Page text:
Sinn Fein demonstrates against raids on its offices

Protestants accuse IRA of spying on parliament

October 06, 2002|By NEW YORK TIMES NEWS SERVICE

BELFAST, Northern Ireland - Sinn Fein, the Irish Republican Army's political wing, held demonstrations yesterday to protest the police raids of its parliamentary offices on Friday, while Protestant hard-liners continued to use the raids to attack Sinn Fein.

The raids on the Sinn Fein offices of the province's power-sharing government came as relations between Protestant unionists, who favor maintaining ties with Britain, and republicans, mostly Catholics who favor closer ties with the Irish Republic, continued to worsen.

Sinn Fein representatives, denouncing the raids as evidence of continued anti-Catholic and anti-republican bias in the police force, organized a series of rallies at six police stations in Belfast and across Northern Ireland yesterday afternoon.

Party officials said the raids had been orchestrated as a news media event, since a convoy of police Land Rovers parked outside the parliament building on Friday morning, and several dozen police officers occupied the office, even though they searched only one desk and took only one armload of files and computer disks. The raids followed an investigation into whether the IRA had infiltrated Britain's provincial headquarters.

If true, the spying would be "worse than Watergate," David Trimble, the province's first minister, told the BBC. Trimble's Ulster Unionist Party has threatened to force the government's collapse through mass resignations if the IRA does not disband by Jan. 18.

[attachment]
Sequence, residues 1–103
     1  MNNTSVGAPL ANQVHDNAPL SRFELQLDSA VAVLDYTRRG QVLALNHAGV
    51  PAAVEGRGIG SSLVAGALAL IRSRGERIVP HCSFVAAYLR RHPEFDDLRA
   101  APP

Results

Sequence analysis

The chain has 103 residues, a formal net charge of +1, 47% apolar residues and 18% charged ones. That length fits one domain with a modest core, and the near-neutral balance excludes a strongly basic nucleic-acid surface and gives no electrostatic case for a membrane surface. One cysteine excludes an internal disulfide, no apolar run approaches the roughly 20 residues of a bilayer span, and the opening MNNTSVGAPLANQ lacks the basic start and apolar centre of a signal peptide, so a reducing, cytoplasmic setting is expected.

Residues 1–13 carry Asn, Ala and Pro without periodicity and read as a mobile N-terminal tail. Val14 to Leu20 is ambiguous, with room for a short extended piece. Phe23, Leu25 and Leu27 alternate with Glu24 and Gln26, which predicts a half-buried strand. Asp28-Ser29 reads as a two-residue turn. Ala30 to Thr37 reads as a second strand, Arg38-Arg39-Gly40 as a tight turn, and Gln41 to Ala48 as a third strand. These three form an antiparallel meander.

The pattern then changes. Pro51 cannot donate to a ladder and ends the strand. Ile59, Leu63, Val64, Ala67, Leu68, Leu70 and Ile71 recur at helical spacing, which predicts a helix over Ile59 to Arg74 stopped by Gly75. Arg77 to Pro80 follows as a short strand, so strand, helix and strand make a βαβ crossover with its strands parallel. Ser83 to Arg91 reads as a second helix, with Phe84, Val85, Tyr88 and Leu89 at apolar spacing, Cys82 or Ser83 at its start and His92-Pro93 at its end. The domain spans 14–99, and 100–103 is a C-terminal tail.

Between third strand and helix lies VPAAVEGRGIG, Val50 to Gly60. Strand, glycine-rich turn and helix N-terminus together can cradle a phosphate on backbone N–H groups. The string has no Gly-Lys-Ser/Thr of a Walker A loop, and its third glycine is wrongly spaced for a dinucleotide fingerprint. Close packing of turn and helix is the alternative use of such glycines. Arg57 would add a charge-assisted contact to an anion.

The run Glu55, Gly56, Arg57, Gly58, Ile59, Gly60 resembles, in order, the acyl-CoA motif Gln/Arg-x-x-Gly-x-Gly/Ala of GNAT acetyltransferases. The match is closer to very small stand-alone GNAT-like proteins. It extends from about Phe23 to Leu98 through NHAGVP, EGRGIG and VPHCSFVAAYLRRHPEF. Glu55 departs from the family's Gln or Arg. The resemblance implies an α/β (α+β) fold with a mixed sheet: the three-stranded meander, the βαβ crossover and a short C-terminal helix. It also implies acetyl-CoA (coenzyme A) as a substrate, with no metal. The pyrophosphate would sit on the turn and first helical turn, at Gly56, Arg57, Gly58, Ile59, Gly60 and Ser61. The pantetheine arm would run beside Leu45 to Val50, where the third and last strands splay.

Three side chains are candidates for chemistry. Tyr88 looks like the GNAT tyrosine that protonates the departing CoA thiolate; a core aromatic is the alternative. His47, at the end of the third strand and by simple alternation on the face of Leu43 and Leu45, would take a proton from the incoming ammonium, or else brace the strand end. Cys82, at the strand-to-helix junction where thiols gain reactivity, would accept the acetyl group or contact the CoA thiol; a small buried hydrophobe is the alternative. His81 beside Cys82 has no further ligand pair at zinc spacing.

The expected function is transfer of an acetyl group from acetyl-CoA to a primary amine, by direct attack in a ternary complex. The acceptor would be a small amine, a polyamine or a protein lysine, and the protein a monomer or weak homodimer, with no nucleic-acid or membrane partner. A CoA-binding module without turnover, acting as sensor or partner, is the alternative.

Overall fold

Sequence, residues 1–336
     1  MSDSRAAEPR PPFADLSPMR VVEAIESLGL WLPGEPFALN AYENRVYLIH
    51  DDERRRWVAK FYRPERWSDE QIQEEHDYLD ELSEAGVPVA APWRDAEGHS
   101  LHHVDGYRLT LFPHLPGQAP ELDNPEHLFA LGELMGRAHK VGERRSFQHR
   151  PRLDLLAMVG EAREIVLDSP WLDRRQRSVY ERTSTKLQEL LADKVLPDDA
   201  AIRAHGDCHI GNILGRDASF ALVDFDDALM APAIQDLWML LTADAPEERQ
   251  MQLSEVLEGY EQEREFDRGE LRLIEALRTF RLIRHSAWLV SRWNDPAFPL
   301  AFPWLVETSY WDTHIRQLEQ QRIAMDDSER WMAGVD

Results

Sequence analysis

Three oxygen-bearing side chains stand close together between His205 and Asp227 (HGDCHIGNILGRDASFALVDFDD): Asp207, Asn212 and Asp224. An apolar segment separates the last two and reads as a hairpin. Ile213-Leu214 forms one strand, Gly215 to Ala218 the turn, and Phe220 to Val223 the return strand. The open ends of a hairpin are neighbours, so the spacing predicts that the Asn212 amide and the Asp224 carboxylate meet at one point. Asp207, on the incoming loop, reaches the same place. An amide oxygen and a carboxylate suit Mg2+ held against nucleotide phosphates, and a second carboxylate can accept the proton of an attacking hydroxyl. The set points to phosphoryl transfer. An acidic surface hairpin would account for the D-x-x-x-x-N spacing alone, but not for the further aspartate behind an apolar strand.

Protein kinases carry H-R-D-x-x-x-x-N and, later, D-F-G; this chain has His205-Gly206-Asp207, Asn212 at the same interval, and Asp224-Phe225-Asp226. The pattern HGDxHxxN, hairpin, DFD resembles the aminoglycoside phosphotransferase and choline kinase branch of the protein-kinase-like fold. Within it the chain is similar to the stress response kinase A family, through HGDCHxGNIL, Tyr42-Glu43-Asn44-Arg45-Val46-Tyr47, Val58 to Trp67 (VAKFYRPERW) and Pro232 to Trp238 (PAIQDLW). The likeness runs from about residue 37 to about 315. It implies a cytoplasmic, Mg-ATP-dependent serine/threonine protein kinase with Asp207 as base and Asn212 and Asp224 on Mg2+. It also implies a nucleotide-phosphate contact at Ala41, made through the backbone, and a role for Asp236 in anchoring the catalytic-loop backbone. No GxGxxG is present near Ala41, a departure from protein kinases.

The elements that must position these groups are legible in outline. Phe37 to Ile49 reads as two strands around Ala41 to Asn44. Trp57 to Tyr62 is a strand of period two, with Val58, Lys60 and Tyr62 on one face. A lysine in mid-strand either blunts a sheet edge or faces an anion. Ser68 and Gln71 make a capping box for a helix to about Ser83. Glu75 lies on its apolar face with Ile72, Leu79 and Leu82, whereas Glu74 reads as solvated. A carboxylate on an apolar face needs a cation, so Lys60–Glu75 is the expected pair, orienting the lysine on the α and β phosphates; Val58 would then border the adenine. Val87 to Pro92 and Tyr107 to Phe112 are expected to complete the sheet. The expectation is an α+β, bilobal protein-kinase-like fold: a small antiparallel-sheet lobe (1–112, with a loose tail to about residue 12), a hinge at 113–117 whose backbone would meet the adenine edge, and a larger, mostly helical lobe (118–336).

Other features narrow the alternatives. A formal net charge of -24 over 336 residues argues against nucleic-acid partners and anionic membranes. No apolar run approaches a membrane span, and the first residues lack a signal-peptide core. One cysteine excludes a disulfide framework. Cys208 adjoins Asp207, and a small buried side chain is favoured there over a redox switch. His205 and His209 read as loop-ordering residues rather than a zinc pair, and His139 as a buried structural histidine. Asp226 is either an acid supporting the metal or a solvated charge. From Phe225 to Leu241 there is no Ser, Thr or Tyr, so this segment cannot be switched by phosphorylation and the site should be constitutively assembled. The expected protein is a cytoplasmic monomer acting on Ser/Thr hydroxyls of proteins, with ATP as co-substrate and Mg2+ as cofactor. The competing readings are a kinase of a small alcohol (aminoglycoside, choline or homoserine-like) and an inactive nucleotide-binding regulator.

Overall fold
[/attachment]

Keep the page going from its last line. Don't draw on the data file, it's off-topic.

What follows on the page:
"We are saying that we are not prepared to carry on in government with Sinn Fein under these circumstances," Michael McGimpsey, an Ulster Unionist minister, told the BBC.

The four people arrested on Friday, including Sinn Fein's administrative chief in the Northern Ireland Assembly and a former office messenger, were being held for questioning yesterday.

Officials say that the former messenger is suspected of photocopying correspondence in the office of Britain's Northern Ireland secretary, John Reid, and passing the copies on to Sinn Fein and the IRA.

Along with the increasing acrimony on both sides, a man was shot dead in a quiet residential neighborhood just before midnight Friday, and officials said yesterday that they feared it could signal a growing feud between Protestant paramilitary groups over control of drug-dealing and other criminal activity.

Geoffrey Thomas Gray, 41, was shot in the chest by a man who escaped on foot, the police said.

Hard-liners on both sides have been gaining support in Northern Ireland.

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